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1) Laser Beam Stabilization

Beam Stabilization Tutorial

Beam Stabilizer Layout, Dual Fast Steering Mirrors

 

Introduction:

Beam stabilizers are used to correct for dynamic laser beam pointing errors in optical systems.  These pointing errors can be a combination of slow varying (thermal) and higher frequency error (mechanical vibration from fans, water pumps, etc.).

A beam stabilizer uses active mirrors to compensate for beam pointing errors.  By sampling a small percentage of the beam, the active mirrors can eliminate beam motion by using feedback from position sensing detectors.

Competing Technologies:

Active mirrors fall into the following groups:

  •  Piezo mirrors

  •  Piezo driven screw mirrors

  •  Actuator motor driven mirrors (steppers and dc servo motors)

  •  Galvometric scanning mirrors

  •  Voice coil actuated scan mirrors

Here is a brief overview of the various active mirror approaches.

Piezo mirrors make use of the inherent piezo effect of certain crystals and ceramics.  The thickness of these materials change by applying a high voltage across a section of the material.  In order to limit the magnitude of the applied voltage, most manufactures stack thin sections to form a cylinder.  The range of travel of these materials is typically 15um per 20mm section.  Piezo mirror have the advantage of a large pushing force over a small range.  The piezo actuators push against a flexure to obtain the desired mirror tilt.

See the Physik website for information on piezo mirrors www.physikinstrumente.de

Note: combining piezo technology and using mechanical levers, can increase the angular range of piezo mirrors for example Physik model "s-224 ultra-fast minature piezo tiltplatform with mirror" has a 2.2 mrad angular range.  And a company called Mirrortech has a line of mechanical advantage piezo mirrors www.mirrortech.com these mirror have up to a +/-20mrad angular range.

Key features: small angular range, high bandwidth, high accuracy.

Piezo driven screw mirrors, one company uses a piezo to drive a fine pitch screw thread acutator.  This approach can result in very fine motion increments (company claims <30 nm of incremental motion).  These units are great for laboratory mount replacements where adjustments are done very seldom.  But they fall short when it comes to active control.  Because of the way these actuators work, they create a large noise during motion (high pitched whine) and they have a very limited lifetime.  Because the actuator relies on friction between the moving piezo actuated part and the lead screw, repetitive motion will cause the actuator to stop working.  The manufacturer claims a 2500 cycle (motion of 3mm) life for these actuators.  In addition the maximum speed of the acutator is 40um/second which limits the frequency/amplitude of the mirrors disturbance capability to slow drifts such as thermal changes.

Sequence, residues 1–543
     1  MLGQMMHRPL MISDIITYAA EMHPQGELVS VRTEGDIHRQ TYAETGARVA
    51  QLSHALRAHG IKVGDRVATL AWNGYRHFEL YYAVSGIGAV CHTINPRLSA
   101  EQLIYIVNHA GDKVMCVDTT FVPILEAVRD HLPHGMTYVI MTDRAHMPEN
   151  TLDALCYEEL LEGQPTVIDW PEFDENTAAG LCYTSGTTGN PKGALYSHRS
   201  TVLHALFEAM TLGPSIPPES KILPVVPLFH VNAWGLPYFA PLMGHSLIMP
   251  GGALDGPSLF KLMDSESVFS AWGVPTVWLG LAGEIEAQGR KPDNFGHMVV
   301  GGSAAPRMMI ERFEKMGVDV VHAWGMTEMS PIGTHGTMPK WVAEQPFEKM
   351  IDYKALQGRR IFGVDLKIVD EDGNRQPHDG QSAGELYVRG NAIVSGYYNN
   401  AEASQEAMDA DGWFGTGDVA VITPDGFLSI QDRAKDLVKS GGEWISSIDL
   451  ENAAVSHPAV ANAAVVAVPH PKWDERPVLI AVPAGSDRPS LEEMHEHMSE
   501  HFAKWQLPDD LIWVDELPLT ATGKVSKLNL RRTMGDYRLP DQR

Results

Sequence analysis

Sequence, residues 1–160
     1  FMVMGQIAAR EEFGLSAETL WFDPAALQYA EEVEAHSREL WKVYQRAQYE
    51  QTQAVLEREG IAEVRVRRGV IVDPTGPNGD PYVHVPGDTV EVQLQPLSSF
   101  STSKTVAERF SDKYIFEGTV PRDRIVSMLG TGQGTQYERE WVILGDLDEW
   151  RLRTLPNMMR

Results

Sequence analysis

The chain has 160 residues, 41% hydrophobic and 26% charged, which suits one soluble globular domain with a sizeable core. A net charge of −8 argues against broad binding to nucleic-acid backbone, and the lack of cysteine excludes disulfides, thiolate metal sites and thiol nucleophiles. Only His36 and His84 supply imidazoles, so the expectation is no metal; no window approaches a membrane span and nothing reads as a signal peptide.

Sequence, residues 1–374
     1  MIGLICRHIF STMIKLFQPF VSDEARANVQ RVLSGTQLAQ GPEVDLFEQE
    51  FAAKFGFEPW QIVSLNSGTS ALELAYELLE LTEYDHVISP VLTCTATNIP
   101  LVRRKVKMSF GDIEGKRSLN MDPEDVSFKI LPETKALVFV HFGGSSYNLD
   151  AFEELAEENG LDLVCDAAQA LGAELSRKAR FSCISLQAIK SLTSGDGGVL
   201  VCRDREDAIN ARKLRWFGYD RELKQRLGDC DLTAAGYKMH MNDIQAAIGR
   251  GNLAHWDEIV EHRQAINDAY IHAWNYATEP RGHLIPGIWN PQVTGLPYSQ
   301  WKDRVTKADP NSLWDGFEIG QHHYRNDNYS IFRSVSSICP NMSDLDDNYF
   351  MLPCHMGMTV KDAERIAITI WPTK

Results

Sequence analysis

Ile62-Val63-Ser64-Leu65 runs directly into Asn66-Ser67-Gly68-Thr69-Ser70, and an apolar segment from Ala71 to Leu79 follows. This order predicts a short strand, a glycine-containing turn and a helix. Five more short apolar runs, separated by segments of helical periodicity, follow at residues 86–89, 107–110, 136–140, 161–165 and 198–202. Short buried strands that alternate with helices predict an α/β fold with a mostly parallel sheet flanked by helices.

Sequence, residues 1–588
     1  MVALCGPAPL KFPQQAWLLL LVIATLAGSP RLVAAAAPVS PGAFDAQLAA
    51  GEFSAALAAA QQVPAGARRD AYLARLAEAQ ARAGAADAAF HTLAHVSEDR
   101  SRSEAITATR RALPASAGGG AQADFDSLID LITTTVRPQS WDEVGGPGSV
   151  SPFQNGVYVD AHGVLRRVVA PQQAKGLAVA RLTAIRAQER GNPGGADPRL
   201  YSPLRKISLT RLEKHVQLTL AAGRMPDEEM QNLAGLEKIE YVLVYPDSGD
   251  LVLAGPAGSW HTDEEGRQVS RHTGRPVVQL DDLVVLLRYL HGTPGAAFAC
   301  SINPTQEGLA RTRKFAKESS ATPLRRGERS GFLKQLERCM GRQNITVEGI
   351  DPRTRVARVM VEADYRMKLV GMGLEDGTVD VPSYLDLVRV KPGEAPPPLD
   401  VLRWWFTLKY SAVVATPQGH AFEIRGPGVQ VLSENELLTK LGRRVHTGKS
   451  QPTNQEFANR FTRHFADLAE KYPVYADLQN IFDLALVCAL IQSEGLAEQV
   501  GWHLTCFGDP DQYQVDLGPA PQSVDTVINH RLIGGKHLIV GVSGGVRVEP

For more information on these actuators see www.newfocus.com.

Key features: great for occasional operation and replacement of manual actuators.

Note: a similar product that has been around for years is the Burleigh Inchworm.  This product uses as series of clamping piezos to slowly inch an actuator forward.  See http://documents.exfo.com/appnotes/AnoteBurleigh010-ang.pdf for more information.

Actuator motor driven mirrors, for very slow speed applications, standard kinematic mirror mounts with motorized actuators can be used.  These actuators are available as stepper motors or dc servo motors.  Because most of these actuators use fine pitch threaded lead screw, wear is a consideration for repetitive usage.

Galvometric scanning mirrors, these are single axis mirrors cantilever mounted on shafts.  These can scan large angular ranges +/-20degrees.  Very low priced versions of these mirror are simple stepper motors with mirrors mounted to the rotary shafts.  High end galvo mirrors have built in position sensors and are linear to better than 0.1%.  The galvo rotary shaft is usually supported by a ball bearing, but flexure suspended shafts are available.  The disadvantage of this mirror is that since it is only a single axis device, two scanners need to be mounted together get a two axis scan.  In addition, when using a scanning head (f-theta lens), an additional optic is needed between the scanners to eliminate beam walk on the second mirror.

Voice coil mirrors, are two axis mirrors with flexure suspension.  The voice coils are mounted in a push/pull configuration to apply torque to rotate the mirror.  Most mirrors have magnets mounted to the moving mirror substrate and the voice coils mounted on the fixed base.  This arrangement allows for better heat-sinking of the coils and eliminates the problems associated with moving wire connections.  Proper design will result in an infinite life mirror, limited only by the electrical component lifetimes.